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RE: Visibility (was Re: Introducing the Service Oriented Architec tural style, and it's constraints and properties.

From: Burdett, David <david.burdett@commerceone.com>
Date: Wed, 26 Feb 2003 03:18:48 -0800
Message-ID: <C1E0143CD365A445A4417083BF6F42CC053D177F@C1plenaexm07.commerceone.com>
To: "'Mark Baker'" <distobj@acm.org>, Christopher B Ferris <chrisfer@us.ibm.com>
Cc: "'www-ws-arch@w3.org '" <www-ws-arch@w3.org>
Do I detect a trout hole again ... anyway here goes ... comments in line ...


-----Original Message-----
From: Mark Baker [mailto:distobj@acm.org]
Sent: Tuesday, February 25, 2003 5:58 PM
To: Christopher B Ferris
Cc: 'www-ws-arch@w3.org '
Subject: Re: Visibility (was Re: Introducing the Service Oriented
Architec tural style, and it's constraints and properties.

(sorry Chris, I meant to send this to the list)

On Tue, Feb 25, 2003 at 10:48:46AM -0500, Christopher B Ferris wrote:
> Okay, let me ask once more, what is the action being performed on a HTTP 

POST is the action.

For example, POSTing a purchase order to a purchase order processor.  The
only action in that interaction, is "POST"; the URI identifies the
processor, and the body on the POST request is a representation of a
purchase order (with no method).

<DB>The absence of a method implies that the URI can only be used for one
purpose. For example a Purchase Order Processor could either, for example:
check availability of stock and provide a response; archive the order in an
off-site repository for later retrieval; or, calculate the tax due.

Either way, the method is their either explicity (in the URI or in the
message body) or implicity, because that is the only purpose for which the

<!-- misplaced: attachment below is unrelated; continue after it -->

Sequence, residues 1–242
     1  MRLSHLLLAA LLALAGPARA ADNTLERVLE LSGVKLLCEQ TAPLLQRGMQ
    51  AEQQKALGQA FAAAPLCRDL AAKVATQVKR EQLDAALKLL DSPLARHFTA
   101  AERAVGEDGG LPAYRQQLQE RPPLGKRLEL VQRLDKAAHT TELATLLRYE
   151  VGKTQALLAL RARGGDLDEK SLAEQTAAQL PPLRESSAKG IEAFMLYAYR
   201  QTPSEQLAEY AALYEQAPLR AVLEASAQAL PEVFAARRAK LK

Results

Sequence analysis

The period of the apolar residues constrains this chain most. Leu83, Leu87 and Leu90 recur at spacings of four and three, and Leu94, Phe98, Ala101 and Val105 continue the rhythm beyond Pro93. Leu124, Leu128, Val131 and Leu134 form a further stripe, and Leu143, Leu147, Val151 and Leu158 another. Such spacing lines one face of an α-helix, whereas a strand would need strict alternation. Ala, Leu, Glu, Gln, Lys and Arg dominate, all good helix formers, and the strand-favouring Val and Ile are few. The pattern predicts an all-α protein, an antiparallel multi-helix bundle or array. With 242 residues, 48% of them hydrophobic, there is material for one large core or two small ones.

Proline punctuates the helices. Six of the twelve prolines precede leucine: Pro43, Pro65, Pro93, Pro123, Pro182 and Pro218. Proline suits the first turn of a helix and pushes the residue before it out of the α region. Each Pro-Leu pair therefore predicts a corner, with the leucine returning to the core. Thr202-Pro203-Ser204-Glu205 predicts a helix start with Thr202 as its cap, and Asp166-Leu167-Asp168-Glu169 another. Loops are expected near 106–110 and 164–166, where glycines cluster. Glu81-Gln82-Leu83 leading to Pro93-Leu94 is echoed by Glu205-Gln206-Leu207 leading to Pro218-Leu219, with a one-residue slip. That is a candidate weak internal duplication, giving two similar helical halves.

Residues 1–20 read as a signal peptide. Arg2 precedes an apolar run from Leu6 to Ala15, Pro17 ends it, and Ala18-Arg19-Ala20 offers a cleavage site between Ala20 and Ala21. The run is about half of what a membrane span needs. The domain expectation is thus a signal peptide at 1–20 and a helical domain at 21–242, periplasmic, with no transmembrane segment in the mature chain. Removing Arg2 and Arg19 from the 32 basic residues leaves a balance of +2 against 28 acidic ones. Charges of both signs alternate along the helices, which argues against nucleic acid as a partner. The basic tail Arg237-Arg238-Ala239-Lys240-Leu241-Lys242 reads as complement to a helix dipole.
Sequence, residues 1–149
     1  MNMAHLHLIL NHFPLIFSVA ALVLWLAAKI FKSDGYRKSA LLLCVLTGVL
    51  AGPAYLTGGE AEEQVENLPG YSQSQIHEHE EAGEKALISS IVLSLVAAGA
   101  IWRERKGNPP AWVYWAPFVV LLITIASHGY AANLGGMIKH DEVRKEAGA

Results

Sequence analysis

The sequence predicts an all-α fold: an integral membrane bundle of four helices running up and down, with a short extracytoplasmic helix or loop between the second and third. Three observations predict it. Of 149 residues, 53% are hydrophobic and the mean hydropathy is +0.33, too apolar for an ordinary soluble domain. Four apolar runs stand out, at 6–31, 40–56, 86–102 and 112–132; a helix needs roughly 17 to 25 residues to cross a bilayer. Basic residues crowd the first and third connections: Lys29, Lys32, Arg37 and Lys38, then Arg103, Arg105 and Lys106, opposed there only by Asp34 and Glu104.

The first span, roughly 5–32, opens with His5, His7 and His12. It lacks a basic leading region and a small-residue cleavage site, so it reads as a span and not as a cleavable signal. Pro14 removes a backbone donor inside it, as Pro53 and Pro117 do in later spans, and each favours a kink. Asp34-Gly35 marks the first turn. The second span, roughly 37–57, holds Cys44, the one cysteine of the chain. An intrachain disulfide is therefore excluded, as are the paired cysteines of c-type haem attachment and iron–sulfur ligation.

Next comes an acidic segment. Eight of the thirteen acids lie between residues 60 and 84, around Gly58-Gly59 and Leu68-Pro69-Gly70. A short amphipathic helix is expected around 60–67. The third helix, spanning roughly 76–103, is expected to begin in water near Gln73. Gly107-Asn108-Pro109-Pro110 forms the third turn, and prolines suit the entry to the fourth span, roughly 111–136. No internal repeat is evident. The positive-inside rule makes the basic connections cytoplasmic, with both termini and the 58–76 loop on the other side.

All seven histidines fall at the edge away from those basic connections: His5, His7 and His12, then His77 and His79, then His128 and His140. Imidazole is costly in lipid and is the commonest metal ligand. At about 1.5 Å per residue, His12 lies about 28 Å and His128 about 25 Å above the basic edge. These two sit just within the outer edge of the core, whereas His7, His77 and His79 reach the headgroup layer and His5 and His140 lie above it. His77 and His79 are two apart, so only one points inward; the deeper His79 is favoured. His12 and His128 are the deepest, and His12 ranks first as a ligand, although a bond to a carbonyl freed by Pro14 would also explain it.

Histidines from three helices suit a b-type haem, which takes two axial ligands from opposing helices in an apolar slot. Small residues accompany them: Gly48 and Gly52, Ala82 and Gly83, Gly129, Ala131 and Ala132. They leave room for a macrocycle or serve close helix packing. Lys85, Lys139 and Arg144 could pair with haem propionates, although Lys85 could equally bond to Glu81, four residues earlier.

server at the URI can be used.

> The RFC specifically 
> states that it is determined by the server and can be just about anything 
> it wants it to mean.

Yes, but if the action is anything other than POST (like "getStockQuote",
etc..), then visibility is reduced.  POST is the catch-all HTTP method,
but it does have a use separate from tunneling, and using it in that way
is how visibility is maintained.  Moreover, for every action you tunnel
through the POST body, I can show you a solution to the same problem
using HTTP (likely more than just POST), without an action in the POST
body.  That solution is more visible.

<DB>But ... 1. You don't always want visibility. 2. You don't always want to
use HTTP.</DB>

> There may be
> apparent visibility, but in truth, there is none. All that can be said of 
> the HTTP POST method is that the method 
> is not GET, PUT, DELETE, HEAD or OPTIONS. If anything, when using POST, 
> having the entity body
> well understood and easily parsable increases visibility rather than 
> reducing it. Ad hoc entity body or
> various form encoding is IMO far less visible because it is not 
> standardized.
> As has been pointed out, Web services is also not exclusive to HTTP and 

Yes, of course.  That's why the "action" on an SMTP message-send is
DATA, unless another one goes in the body or subject line, like
"subscribe www-ws-arch".

> one of the objectives
> is that the service should be capable of being bound to any number of 
> underlying protocols without
> requiring that the service itself be changed.

Whoa, where'd that last part come from?  Reference please.  I agree
that protocol independance is a good thing, but not such that there's
no semantic difference between using HTTP and SMTP, for example.  Of
couse there's a difference; they're different applications.

<DB>We need to define what we mean by an "application" if you mean it is
anything above the transport layer, then you are correct but really I think
the layers are typically: Operating System, App Server, "Web Services
Middleware", Application.

I use the term "Web Services Middleware" to embody the "application" that
handles all the web services related processing. Although it is an
application, it is a *middleware* application that provides common
functionality that is usable by many "real application", i.e. it does
something useful that is specific to a business or individual.

Mark Baker.   Ottawa, Ontario, CANADA.        http://www.markbaker.ca
Web architecture consulting, technical reports, evaluation & analysis
Received on Wednesday, 26 February 2003 06:19:21 UTC

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